Healthy Living: The Choice To Change
“Shift happens.” In this case, I’m referring to the paradigm shift regarding how people try to become healthy and stay that way through healthy living.
This shift will happen because of people’s feelings of frustration about their current healthcare and the economic unsustainability of our current paradigm.
The shift is away from conventional allopathic medicine, to a model called “Lifestyle Medicine”. Lifestyle Medicine is a bit of an oxymoron because Lifestyle Medicine doesn’t involve medicine per se. Rather, it’s more along the lines of what Hippocrates said thousands of years ago – “Let food be thy medicine.”
To quote from LifestyleMedicine.org website: “Lifestyle Medicine (LM) is the use of lifestyle interventions in the treatment and management of disease.”
Such interventions include:
• Diet (nutrition)
• Stress Management
• Smoking Cessation
• A variety of other non-drug modalities
A growing body of scientific evidence has demonstrated that lifestyle intervention is an essential component in the treatment of chronic disease that can be as effective as medication, but without the risks and unwanted side-effects.
The vast majority of our poor health in the United States is due to unhealthy lifestyles.
The health ranking of the US compared to 9 other civilized nations is dead last. Sadly, the U.S. has the most expensive and yet least effective health care in the developed world.
Lifestyle medicine gets to the root of health problems. In fact, if most people ate right and followed lifestyle medicine principles, there would not even be a healthcare crisis, and there would be no need for “ObamaCare”.
Fully 80% of the chronic disease burden could be eliminated with the effective application of lifestyle as medicine.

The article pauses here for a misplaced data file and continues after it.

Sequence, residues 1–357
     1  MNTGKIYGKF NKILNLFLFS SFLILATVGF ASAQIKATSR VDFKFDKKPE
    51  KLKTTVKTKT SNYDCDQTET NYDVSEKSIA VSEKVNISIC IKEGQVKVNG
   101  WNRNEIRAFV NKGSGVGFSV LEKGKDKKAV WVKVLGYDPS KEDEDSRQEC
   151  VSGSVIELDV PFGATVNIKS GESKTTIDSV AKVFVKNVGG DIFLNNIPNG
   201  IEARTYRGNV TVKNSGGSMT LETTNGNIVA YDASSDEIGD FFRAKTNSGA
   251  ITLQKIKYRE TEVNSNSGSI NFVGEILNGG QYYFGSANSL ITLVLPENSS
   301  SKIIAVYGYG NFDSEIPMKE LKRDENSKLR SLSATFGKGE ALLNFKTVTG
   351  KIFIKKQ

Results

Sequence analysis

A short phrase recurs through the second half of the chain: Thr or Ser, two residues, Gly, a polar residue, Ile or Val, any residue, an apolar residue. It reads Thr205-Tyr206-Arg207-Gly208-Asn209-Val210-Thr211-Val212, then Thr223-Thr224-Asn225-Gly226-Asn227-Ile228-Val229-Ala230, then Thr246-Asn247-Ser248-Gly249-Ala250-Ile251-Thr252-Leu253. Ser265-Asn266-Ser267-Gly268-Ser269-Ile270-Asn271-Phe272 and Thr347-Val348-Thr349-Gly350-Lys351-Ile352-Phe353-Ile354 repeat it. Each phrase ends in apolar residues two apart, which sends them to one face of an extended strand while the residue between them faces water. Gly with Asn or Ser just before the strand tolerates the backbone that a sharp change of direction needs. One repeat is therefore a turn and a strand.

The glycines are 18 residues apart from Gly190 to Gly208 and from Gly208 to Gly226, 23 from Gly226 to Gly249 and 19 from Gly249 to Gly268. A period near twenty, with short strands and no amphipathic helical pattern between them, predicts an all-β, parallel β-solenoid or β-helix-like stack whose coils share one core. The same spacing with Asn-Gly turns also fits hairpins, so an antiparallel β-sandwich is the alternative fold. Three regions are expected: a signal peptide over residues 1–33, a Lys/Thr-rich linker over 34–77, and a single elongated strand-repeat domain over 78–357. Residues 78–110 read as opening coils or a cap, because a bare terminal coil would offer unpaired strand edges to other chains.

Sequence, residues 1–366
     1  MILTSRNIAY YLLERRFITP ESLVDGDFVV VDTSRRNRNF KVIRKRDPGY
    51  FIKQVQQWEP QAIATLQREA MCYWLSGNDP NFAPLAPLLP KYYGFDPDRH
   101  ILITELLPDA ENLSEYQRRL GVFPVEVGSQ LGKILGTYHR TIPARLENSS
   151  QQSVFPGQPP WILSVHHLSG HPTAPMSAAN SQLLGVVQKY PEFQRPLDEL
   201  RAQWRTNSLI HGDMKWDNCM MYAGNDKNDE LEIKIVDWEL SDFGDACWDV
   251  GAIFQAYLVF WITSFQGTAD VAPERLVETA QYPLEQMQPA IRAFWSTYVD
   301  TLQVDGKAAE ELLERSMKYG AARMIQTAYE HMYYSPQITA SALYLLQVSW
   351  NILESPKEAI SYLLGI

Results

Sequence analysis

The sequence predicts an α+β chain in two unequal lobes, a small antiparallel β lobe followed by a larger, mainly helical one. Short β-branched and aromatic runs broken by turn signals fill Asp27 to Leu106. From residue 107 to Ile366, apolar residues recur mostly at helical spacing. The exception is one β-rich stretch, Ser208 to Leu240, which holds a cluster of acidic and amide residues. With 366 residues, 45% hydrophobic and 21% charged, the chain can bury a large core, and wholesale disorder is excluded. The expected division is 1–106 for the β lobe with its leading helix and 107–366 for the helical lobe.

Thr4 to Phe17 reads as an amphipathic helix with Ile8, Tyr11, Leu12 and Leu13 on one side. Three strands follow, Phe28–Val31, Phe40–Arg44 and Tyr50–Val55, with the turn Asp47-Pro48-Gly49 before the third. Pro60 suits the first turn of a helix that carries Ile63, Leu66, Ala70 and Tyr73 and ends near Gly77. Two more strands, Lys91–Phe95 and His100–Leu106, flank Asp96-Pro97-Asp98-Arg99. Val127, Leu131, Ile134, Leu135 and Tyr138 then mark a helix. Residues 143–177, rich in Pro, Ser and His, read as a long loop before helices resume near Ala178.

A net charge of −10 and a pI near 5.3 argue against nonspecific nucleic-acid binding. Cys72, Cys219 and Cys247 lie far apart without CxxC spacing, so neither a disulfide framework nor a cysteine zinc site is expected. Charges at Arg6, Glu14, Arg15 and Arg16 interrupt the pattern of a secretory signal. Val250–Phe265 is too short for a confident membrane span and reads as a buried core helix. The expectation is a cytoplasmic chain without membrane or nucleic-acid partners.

Insurance could become affordable because insurance companies would not have to pay out so much money to fix our self-induced chronic diseases.
Lifestyle medicine has the potential to be stunningly and amazingly effective.
Sadly, most medical schools, who are heavily supported and influenced by pharmaceutical companies, don’t teach much about lifestyle medicine. Doctors have to get that training elsewhere.
People prefer quick fixes and easy pathways, and that has allowed drugs and surgical procedures to flourish.
Making lifestyle changes takes WORK. And that is a four-letter word. But because it is work, people need other people to help them stay on track. So lifestyle medicine should involve meeting with a professional certified lifestyle educator on a regular basis, under the supervision of an attending physician.
Advanced Integrative Healthcare employs a certified Lifestyle Educator who will work one-on-one with patients to help them get on track and stay on track in making long-term highly beneficial lifestyle changes. The result is fewer meds and better health. Who can argue with that?